7 Market-Tested Strategies to Boost Your Self-Storage Retail Sales

Comments
Print

By Rob Kaminski

If you don’t believe you can improve retail sales and services at your self-storage facility, think again. If you’ve done all you can to maximize unit rentals, then you’re ready to apply those sales skills and expand the impact retail has on your business. Take a fresh look at your retail sales with these concepts that have been market-tested by self-storage professionals over the past 20 years.

1. Low, Low Pricing Is Not the Answer or Even the Question

Some operators think they can’t compete against the retail prices at big-box or home-improvement stores. Those who lower their prices to improve sales find it rarely works, for two reasons. First, they usually turn to obviously cheaper products that don’t get purchased, and second, they give their employees (and maybe themselves) an excuse for not trying to sell retail.

Your business is storage rentals. You offer locks, boxes, tape and so on as a convenience to your customers. Convenience stores prosper not because they have the lowest prices but because convenience has value. How many of your rental customers would go out of their way just to save a couple of bucks on a disc lock? For that matter, how many even know what a lock or box or roll of bubble wrap costs? The takeaway here is if you sell good products at good prices, you’ll have great sales.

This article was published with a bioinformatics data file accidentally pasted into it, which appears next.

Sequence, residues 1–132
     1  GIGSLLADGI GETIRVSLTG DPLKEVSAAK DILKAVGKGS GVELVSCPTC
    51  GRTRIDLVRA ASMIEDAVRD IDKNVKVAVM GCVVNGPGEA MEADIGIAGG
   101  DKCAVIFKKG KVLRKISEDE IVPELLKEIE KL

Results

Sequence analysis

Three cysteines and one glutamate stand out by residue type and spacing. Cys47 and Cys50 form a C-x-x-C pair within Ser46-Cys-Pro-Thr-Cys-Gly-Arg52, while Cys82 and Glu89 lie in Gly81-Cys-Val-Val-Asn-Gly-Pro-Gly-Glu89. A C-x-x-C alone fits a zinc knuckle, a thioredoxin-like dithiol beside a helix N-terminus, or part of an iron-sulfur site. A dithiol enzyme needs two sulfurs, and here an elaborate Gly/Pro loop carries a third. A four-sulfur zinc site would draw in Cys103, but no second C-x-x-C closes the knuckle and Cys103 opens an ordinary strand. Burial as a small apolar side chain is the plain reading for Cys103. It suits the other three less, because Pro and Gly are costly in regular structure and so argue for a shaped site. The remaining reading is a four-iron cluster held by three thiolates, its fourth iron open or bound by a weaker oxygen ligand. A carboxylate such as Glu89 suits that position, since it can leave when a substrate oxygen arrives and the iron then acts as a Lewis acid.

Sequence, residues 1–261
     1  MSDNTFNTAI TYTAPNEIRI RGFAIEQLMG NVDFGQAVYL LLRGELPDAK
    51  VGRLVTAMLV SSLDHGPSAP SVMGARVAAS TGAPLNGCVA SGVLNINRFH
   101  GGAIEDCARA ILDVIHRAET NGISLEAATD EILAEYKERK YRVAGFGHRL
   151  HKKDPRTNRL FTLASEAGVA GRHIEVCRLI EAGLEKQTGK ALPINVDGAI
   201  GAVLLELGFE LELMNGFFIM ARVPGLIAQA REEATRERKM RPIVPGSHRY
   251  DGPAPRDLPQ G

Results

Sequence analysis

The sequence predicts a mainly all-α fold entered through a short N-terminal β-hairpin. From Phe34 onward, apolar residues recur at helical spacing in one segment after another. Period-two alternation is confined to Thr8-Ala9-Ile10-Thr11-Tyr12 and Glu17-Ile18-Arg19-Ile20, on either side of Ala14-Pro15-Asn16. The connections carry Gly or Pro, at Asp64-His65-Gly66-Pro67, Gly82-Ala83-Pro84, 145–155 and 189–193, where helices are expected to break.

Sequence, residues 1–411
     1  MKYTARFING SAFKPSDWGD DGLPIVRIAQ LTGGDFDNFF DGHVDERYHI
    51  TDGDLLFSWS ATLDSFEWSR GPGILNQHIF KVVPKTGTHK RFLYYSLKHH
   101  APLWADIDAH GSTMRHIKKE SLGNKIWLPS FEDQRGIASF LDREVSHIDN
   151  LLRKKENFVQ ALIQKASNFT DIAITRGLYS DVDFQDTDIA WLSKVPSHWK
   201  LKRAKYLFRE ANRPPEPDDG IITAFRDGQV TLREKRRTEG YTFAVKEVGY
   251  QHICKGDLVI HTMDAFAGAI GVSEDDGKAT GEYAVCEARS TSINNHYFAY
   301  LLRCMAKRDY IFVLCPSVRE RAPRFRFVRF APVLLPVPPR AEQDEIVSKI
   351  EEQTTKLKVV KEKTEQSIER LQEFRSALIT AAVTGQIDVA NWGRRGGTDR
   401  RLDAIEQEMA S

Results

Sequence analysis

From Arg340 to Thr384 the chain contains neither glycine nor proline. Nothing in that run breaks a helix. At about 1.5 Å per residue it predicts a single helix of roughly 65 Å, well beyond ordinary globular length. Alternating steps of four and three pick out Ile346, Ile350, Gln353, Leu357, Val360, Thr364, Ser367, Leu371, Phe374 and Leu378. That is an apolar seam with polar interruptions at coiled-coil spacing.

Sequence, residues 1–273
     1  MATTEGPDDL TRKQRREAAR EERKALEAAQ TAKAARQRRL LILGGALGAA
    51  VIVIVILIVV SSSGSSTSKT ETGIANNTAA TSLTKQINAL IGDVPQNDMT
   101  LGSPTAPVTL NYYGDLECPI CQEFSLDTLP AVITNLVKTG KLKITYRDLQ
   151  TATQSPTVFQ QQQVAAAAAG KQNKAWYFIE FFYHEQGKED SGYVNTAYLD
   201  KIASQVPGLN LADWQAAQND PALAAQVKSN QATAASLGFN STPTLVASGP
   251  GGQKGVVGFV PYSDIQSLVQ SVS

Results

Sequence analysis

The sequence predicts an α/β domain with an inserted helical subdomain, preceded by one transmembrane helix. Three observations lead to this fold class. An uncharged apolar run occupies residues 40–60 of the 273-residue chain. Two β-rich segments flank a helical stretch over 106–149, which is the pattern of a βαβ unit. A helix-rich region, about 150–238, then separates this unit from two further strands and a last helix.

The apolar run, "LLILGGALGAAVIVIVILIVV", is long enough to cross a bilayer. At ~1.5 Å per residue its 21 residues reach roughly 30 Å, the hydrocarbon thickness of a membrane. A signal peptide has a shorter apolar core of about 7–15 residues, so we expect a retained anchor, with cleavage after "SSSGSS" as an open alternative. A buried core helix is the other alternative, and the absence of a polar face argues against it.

2. Sell Packages, Not Just Packaging

Most consumers have little experience at packing and moving. Left to choose what boxes, tape and cushioning they’ll need, they usually get it wrong. When this occurs, they’ll be unhappy, and you’ll miss out on making a better sale and a new friend.

Offer packing “kits” for one, two or more rooms. The kits should exist only on charts that suggest a balanced mix of packaging for a kitchen, bedroom, living room, etc. The suggestions make decisions easier for customers and your managers. You could even offer a discounted kit price as an added enticement for renting a unit. Box-bundle discounts work, too. Your supplier should have the information and sometimes even the printed materials you’ll need.

3. Show-and-Tell Retailing

Many of your customers have probably never used wardrobe boxes or stretch wrap, and your managers may or may not be able to explain their function—that’s if customers even ask for assistance. A more proactive approach managers can take is to demonstrate their use.

Creating a display of clothes and hangers in an assembled wardrobe box is worth more than a thousand words. To convey its benefit, add a sign that asks, “Why pack and unpack?” By adding a similar sign on a piece of furniture with drawers that are stretch-wrapped closed, you can visually explain the use and benefit of another product. Glass and dish kits can also be displayed using items purchased at local rummage sales.

« Previous123Next »
Comments
comments powered by Disqus